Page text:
Miliaria rubra (A), one type of heat rash, appears as red clusters of small blister-like bumps that can produce intense itching. Miliaria crystallina (B), another type of heat rash, appears as clear, fluid-filled bumps that produce no other signs or symptoms.
Heat rash — also known as prickly heat and miliaria — isn't just for babies. It affects adults, too, especially during hot, humid weather.
Heat rash develops when blocked pores (sweat ducts) trap perspiration under your skin. Symptoms range from superficial blisters to deep, red lumps. Some forms of heat rash feel prickly or intensely itchy.
Heat rash usually clears on its own. Severe forms of the condition may need medical care, but the best way to relieve symptoms is to cool your skin and prevent sweating.
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Adults usually develop heat rash in skin folds and where clothing causes friction. In infants, the rash is mainly found on the neck, shoulders and chest. It can also show up in the armpits, elbow creases and groin.
Types of heat rash
The types of miliaria are classified according to how deep the blocked sweat ducts are. Signs and symptoms for each type vary.
- The mildest form of heat rash (miliaria crystallina) affects the sweat ducts in the top layer of skin. This form is marked by clear, fluid-filled blisters and bumps (papules) that break easily.
- A type that occurs deeper in the skin (miliaria rubra) is sometimes called prickly heat. Signs and symptoms include red bumps and itching or prickling in the affected area.
- Occasionally, the fluid-containing sacs (vesicles) of miliaria rubra become inflamed and pus-filled (pustular). This form is called miliaria pustulosa.
- A less common form of heat rash (miliaria profunda) affects the dermis, a deeper layer of skin. Retained sweat leaks out of the sweat gland into the skin, causing firm, flesh-colored lesions that resemble goose bumps.
When to see a doctor
Heat rash usually heals by cooling the skin and avoiding exposure to the heat that caused it. See your doctor if you or your child has symptoms that last longer than a few days, the rash seems to be getting worse, or you notice signs of infection, such as:
- Increased pain, swelling, redness or warmth around the affected area
- Pus draining from the lesions
- Swollen lymph nodes in the armpit, neck or groin
- A fever or chills
Heat rash develops when some of your sweat ducts clog. Instead of evaporating, perspiration gets trapped beneath the skin, causing inflammation and rash.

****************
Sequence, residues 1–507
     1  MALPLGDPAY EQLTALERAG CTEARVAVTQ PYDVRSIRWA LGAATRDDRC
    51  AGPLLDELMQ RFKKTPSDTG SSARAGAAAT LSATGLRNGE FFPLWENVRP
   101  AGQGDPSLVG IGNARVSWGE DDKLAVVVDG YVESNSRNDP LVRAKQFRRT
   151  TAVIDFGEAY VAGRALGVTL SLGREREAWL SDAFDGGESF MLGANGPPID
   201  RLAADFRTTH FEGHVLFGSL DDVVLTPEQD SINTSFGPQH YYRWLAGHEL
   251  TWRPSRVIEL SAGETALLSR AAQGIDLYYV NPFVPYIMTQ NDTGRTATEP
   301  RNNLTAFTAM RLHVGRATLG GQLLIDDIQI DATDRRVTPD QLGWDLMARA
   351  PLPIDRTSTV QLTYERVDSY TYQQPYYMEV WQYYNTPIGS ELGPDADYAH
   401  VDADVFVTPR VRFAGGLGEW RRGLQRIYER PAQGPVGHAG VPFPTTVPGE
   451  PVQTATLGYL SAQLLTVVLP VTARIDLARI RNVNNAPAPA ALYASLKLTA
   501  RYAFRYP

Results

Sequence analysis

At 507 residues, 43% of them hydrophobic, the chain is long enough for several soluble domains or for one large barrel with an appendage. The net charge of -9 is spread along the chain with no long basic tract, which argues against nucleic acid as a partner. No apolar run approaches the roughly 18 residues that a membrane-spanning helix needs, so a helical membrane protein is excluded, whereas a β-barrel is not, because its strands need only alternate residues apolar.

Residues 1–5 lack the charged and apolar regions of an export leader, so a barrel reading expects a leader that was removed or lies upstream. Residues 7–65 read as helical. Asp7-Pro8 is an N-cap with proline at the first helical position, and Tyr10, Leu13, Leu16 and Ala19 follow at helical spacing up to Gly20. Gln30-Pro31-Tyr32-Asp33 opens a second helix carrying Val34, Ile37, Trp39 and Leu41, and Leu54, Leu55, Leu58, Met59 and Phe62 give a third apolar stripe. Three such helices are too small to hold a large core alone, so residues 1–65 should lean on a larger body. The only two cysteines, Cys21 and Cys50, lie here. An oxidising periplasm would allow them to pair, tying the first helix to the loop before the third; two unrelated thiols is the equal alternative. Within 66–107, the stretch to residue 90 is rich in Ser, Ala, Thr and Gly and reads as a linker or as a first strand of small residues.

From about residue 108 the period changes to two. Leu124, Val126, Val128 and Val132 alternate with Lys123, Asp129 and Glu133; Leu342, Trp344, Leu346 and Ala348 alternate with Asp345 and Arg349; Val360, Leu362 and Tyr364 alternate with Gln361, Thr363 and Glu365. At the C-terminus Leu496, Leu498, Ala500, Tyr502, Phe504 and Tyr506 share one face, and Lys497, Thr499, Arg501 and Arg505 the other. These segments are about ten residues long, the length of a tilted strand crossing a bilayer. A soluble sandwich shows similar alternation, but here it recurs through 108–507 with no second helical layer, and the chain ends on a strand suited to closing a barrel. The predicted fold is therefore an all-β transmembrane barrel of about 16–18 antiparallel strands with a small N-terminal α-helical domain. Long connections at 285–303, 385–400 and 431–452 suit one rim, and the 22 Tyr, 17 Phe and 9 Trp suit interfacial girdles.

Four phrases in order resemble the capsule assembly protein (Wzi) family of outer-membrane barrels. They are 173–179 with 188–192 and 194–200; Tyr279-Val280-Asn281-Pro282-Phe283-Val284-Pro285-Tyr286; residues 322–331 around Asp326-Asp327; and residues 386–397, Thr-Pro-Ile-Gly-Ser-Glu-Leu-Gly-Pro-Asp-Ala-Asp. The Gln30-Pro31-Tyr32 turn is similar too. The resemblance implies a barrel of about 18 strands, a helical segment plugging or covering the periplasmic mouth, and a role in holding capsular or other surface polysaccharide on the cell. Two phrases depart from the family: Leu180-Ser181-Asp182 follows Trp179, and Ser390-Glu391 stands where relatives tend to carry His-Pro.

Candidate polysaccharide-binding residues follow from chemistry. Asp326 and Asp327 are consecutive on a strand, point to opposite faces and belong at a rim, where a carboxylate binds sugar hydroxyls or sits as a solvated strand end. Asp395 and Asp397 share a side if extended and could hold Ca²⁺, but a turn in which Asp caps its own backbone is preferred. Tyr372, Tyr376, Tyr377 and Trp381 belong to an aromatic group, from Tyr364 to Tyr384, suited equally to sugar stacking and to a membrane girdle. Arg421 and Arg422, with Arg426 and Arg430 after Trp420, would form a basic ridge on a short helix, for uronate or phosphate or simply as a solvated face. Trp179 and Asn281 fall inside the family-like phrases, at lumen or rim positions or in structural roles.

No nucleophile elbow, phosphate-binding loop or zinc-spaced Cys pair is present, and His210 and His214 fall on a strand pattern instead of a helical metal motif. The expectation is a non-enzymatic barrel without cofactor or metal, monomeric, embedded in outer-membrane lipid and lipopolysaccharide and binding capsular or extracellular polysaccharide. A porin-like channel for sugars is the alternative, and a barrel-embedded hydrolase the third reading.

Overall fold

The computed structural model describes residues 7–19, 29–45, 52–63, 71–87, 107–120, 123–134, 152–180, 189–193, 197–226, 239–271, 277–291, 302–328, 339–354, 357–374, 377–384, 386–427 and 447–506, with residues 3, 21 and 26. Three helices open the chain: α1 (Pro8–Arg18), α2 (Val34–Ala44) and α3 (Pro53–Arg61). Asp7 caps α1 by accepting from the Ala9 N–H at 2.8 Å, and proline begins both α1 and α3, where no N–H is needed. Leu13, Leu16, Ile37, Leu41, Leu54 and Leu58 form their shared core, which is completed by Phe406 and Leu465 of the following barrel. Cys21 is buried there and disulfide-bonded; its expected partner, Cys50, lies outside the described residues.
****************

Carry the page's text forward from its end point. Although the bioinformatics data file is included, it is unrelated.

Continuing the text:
It's not always clear why the sweat ducts become blocked, but certain factors seem to play a role, including:
- Immature sweat ducts. A newborn's sweat ducts aren't fully developed. They can rupture more easily, trapping perspiration beneath the skin. Heat rash can develop in the first week of life, especially if the infant is being warmed in an incubator, is dressed too warmly or has a fever.
- Tropical climates. Hot, humid weather can cause heat rash.
- Physical activity. Intense exercise, hard work or any activity that causes you to sweat heavily can lead to heat rash.
- Overheating. Overheating in general — dressing too warmly or sleeping under an electric blanket — can lead to heat rash.
- Prolonged bed rest. Heat rash can also occur in people who are confined to bed for long periods, especially if they have a fever.
Factors that make you more prone to heat rash include:
- Age. Newborns are most susceptible.
- Tropical climates. People living in the tropics are far more likely to have heat rash than are people in temperate climates.
- Physical activity. Anything that makes you sweat heavily, especially if you're not wearing clothing that allows the sweat to evaporate, can trigger heat rash.
Heat rash usually heals without problems, but it can lead to infection with bacteria, causing inflamed and itchy pustules.
To help protect yourself or your child from heat rash:
- Avoid overdressing. In summer, wear soft, lightweight, cotton clothing. In winter, children should dress only as warmly as an adult.
- Avoid tightfitting clothes that can irritate skin.
- When it's hot, stay in the shade or in an air-conditioned building or use a fan to circulate the air.
- Keep your sleeping area cool and well-ventilated.
- Miliaria. The Merck Manual Professional Edition. http://www.merck.com/mmpe/print/sec10/ch118/ch118e.html. Accessed Jan. 9, 2018.
- Miliaria. American Osteopathic College of Dermatology. http://www.aocd.org/skin/dermatologic_diseases/miliaria.html. Accessed Jan. 9, 2018.
- How to beat heat rash. American Osteopathic Association. http://www.osteopathic.org/osteopathic-health/about-your-health/health-conditions-library/general-health/Pages/heat-rash.aspx. Accessed Dec. 19, 2014.
- Ishimine P. Heat illness (other than heat stroke) in children. http://www.uptodate.com/contents/search. Accessed Jan. 9, 2018.
- Pielop JA. Benign skin and scalp lesions in the newborn and young infant. http://www.uptodate.com/contents/search. Accessed Jan. 19, 2018.